The son of music publisher Laurence Ronson and media socialite Ann Dexter-Jones, Mark and his two sisters moved from London to New York when his parents separated and his mother married American musician Mick Jones, the lead guitarist of Seventies soft-rock band Foreigner.

With the Ronson household on the Upper West Side a meeting place for Manhattan's social elite, Mark's upbringing was privileged but far from conventional.

Robin Williams, Andy Warhol and Paul McCartney were all occasional house guests while the producer's biggest childhood buddy was Sean Lennon, son of John Lennon and Yoko Ono.

Through that particular friendship, there was also an encounter with Michael Jackson.

Says Mark: "I would never have met Sean if I hadn't grown up in New York with showbiz parents. He was a good friend.

"That also led, when I was 12, to the indescribably bizarre experience of hanging out at Sean's house with Michael Jackson.

"At the time, he was the biggest star in the world. But, because my stepfather was a musician, it didn't seem that out of the ordinary.

"Michael Jackson was a guy whose records I loved, but he just watched videos with us and ran around playing with a toy laser.

"At the time, I didn't think twice about it. Now, of course, I look back on it and wonder: "Did anything odd happen?" But it didn't.'

As to his parents' divorce, Mark is remarkably sanguine. Looking back, he is grateful for having had the opportunity to live in New York while enjoying visits back to his dad in London.

"We used to call Mick Jones 'Daddy Mick', which was a bit bizarre, but we got on with it. Divorce can be traumatic whether you're moving around the block or to another country, as we did.

"When you're young, you don't think about the implications too deeply. And having the experience of growing up in two cities was amazing.

"Compared to London, New York at first seemed to have a much faster pace. But London has done a lot to catch up over the years."

Educated at New York's Collegiate School, a private college for boys, Ronson excelled in his Advanced Maths and French classes, although the chance of future progress into one of America's elite Ivy League universities was ultimately derailed by his love of music.

"It was a tough school, but also a bit stuffy," he says. "You had to wear a shirt, tie and blazer at all times. About a third of the students ended up at the best universities.

"I don't know if I applied myself hard enough to get to that standard, but my love of playing in bands took the edge off my academic record.

"The problem with being a teenager growing up in New York was that there was so much fantastic music around.

"Hearing an LL Cool J rap hit blaring out of a passing car for the first time was a great experience."

While Ronson was happy to play rudimentary guitar with the teenage rock bands who would make liberal use of his stepfather's four-track home studio, his first real love was dance music, and particularly the hip-hop sounds that were bursting out of New York in the early Eighties.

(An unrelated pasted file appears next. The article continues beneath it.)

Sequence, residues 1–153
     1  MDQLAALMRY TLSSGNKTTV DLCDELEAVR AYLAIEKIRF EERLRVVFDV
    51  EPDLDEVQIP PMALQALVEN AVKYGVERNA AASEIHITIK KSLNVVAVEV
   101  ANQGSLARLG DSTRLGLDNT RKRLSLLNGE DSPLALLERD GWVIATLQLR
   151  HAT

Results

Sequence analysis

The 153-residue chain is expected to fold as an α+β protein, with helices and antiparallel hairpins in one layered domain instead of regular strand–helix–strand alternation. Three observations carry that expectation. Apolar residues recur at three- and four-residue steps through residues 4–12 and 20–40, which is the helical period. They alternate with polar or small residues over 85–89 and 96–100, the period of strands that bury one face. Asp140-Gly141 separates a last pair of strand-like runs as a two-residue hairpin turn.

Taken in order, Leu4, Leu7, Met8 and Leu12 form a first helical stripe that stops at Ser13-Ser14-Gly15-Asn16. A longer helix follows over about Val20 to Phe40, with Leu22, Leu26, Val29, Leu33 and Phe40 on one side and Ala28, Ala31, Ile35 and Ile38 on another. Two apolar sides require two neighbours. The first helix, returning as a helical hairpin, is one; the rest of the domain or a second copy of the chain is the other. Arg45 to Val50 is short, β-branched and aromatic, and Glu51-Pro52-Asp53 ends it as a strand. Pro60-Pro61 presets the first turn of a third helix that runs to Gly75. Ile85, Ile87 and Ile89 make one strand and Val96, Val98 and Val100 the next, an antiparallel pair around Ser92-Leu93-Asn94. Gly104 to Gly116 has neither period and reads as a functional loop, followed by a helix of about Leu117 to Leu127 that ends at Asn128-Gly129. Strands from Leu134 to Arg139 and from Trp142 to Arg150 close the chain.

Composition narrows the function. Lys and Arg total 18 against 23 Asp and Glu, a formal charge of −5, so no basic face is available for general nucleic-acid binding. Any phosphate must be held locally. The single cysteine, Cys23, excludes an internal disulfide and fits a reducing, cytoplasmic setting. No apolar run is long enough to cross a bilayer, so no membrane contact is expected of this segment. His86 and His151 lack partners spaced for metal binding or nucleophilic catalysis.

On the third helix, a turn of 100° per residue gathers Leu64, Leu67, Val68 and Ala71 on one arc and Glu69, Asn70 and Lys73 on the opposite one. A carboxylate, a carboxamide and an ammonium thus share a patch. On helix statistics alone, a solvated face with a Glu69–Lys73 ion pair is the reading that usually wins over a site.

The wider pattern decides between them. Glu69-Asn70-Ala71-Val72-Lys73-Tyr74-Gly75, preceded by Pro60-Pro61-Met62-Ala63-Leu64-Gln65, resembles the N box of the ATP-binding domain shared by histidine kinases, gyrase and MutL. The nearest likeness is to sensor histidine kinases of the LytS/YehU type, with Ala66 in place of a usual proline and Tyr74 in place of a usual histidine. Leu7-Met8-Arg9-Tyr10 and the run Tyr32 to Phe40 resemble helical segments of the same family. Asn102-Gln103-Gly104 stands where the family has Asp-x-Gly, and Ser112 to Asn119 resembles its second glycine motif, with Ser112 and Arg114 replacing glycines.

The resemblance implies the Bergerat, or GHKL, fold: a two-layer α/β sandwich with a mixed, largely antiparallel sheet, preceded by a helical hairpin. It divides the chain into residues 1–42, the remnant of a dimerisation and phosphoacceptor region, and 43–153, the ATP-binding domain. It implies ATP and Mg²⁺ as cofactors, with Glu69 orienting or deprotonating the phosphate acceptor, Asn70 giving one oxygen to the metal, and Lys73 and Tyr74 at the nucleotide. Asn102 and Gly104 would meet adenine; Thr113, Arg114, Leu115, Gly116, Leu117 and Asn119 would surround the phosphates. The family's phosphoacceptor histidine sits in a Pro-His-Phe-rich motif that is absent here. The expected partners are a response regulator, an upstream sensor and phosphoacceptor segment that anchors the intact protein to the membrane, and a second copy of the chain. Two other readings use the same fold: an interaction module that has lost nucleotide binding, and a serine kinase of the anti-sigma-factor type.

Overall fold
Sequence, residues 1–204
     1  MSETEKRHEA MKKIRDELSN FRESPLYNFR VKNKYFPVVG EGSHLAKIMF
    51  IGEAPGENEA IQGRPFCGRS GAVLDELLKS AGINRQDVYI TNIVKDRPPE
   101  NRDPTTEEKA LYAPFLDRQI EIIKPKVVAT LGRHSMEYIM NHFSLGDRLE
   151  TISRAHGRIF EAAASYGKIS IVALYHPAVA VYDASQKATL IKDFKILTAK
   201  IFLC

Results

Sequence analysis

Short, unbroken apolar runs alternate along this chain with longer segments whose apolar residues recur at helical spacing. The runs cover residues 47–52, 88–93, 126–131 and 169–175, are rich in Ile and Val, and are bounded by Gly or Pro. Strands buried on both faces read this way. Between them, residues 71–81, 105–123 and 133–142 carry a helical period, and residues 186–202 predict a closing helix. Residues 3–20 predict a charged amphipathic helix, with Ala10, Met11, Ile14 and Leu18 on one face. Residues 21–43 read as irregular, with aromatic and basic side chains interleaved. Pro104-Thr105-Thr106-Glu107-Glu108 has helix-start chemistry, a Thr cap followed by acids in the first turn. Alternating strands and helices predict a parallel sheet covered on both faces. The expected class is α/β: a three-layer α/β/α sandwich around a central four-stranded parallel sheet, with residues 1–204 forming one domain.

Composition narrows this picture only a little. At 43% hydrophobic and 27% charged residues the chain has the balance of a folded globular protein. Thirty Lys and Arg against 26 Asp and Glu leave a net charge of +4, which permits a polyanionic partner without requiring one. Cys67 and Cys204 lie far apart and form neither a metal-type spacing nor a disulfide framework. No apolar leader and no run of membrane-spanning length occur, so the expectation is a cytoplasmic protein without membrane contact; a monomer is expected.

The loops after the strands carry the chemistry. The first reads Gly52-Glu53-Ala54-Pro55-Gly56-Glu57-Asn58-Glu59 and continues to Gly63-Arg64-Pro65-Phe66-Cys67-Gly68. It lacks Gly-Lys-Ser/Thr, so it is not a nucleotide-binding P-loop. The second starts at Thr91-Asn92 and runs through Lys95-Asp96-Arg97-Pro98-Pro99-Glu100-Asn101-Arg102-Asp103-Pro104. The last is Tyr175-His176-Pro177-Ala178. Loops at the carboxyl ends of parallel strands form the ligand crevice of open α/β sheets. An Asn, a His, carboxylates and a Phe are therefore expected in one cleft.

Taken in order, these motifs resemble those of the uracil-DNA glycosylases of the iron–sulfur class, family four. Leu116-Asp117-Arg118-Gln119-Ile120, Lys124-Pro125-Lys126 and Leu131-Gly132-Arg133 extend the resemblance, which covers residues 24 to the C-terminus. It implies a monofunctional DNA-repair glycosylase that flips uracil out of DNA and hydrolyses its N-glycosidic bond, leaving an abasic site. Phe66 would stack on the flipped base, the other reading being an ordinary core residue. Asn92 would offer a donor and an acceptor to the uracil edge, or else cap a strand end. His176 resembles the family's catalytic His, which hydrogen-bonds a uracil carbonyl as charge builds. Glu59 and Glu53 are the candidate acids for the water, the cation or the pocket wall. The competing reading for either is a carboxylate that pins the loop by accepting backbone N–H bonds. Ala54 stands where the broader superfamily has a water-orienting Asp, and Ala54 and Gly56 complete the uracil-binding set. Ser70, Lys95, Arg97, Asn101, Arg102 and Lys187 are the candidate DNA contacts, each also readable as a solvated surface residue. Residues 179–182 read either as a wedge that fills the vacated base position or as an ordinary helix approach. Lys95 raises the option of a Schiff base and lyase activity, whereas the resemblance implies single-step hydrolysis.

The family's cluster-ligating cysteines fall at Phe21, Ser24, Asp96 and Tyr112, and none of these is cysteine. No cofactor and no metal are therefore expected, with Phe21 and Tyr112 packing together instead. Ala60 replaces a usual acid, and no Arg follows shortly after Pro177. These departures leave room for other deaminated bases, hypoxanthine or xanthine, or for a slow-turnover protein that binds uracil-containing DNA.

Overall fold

His obsession with rap led to an avid record collecting habit and, eventually, to the DJ booth.

"When I was about ten or 11, the big rap record was Run DMC's Raising Hell, the album with their version of Aerosmith's Walk This Way. It was a huge watershed, for rap music and for me.

"Rock was very boring in the mid-Eighties. In America, it had entered the hair-metal phase, so I began getting more obsessive about hip-hop, and had to find some way of expressing my love for that music.

"I didn't know much about production and I would have been a useless rapper, so I became a DJ. And, when I graduated from school, my parents gave me a pair of turntables."

With his ability to "rock the house" with a winning blend of hip-hop, old soul and guitar singles by The Clash and AC/DC, Ronson built a reputation as New York's most versatile DJ, playing to hardened rap audiences and at the parties of the rich and famous.

The term "celebrity DJ" was even coined for him, an unwanted tag that, until recently, he has found difficult to shake off.

"People like Puff Daddy and Jay-Z started coming down to the clubs and giving me praise.

"As I mixed more and more rock stuff in, I'd see rappers singing along to AC/DC's Back In Black.

"When I started DJ-ing, it was high school parties. Then it was underground clubs on the Lower East Side.

"Once people started coming to those clubs, it helped me move on to the trendier parties. But then, as I became known as a celebrity DJ, I stopped doing celebrity events."

Having broken into record production with a credit on the dance single Everybody Got Their Something, by Nikka Costa, Ronson made an album of his own, the hip-hop-flavoured Here Comes The Fuzz.

But it was with last year's Version that he really made his name.

The notion of mixing indie-pop, hiphop and soul came about almost by accident. Mark stumbled on the recipe while recording a cover of a Radiohead song, Just, for a tribute album.

"Just was the catalyst for the whole of Version," he says.

"I was adding percussion and guitar to the track, but the guitars were too heavy. They were overpowering the slinkiness of the beat, so I struck on the idea of replacing the guitars with horns. That gave me the blueprint for an album."